The Civic Solidarity Platform's Working Group on the Fight Against Torture presents its fifth annual Index on Torture

The Working Group on the Fight Against Torture presents the results of 2023 Index on Torture measurement in seven countries of the OSCE region: Armenia, Belarus, Kazakhstan, Kyrgyzstan, Moldova, Russia, and Ukraine.
This is the fifth anniversary measurement. We present summary data that shows the dynamics of both improvement of the situation and its deterioration.

In 2023, the Prohibition of Torture Index value increased significantly in Kyrgyzstan. The change was mainly due to improved indicators regarding the criminal prohibition of torture and procedural guarantees. The Index continued to rise in Kazakhstan. The main increase compared to the previous year was due to the criminalization of ill-treatment in the country's Criminal Code. The Index value in Russia, which showed positive dynamics in 2022 due to the criminalization of torture as an offense in the Criminal Code, has remained almost unchanged. This fact reinforces the argument made by Russian experts last year that prevention and suppression of torture cannot be achieved solely by introducing sanctions in the Criminal Code.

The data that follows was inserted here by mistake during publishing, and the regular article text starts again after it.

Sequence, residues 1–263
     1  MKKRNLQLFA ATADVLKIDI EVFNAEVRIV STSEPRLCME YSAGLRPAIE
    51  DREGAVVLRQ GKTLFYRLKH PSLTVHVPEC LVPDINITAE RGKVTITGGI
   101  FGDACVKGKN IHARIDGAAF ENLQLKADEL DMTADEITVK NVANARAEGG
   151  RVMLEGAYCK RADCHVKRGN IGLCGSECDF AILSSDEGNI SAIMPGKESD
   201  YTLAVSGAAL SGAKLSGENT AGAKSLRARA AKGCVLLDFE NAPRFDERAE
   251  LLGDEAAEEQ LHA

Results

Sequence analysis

Rather, it should be accompanied by effective measures to register reports alleging torture, conduct high-quality investigations of such incidents, and ensure that all perpetrators are brought to justice. In addition, it is essential to have effective torture prevention instruments in place, including procedural guarantees that work flawlessly in practice, ensuring the safety and accessibility of evidence of torture during investigations, and adequate civic oversight. No positive progress was made in any of these areas in Russia in 2023. Experts have not observed any changes in terms of reducing the practice of torture or improving the quality of investigation of torture cases.

Slight declines in the Index value have occurred in Moldova and Ukraine. In Ukraine, it was due to the lack of publicly available information on the number of complaints alleging torture, observed for the first time since 2019, which is an understandable consequence of the ongoing war. Nevertheless, it is important to note that even under these emergency conditions, Ukraine has been working to improve the quality of judicial statistics. Ukrainian experts assessed this indicator to be higher in 2023 compared to the previous year. In the 2023 Index for Moldova, a decline was observed in indicators such as access to information on the number of torture complaints and to judicial statistics, along with a lower assessment of the effectiveness of video surveillance in places of detention.

Belarus and Russia continue to demonstrate the worst performance.

Five years of monitoring the implementation of the prohibition of torture in the countries where the Index is measured clearly illustrate the main areas where positive or negative dynamics impact the final score. It is already possible to identify the key indicators that influence the Index value for each country. More details are in the summary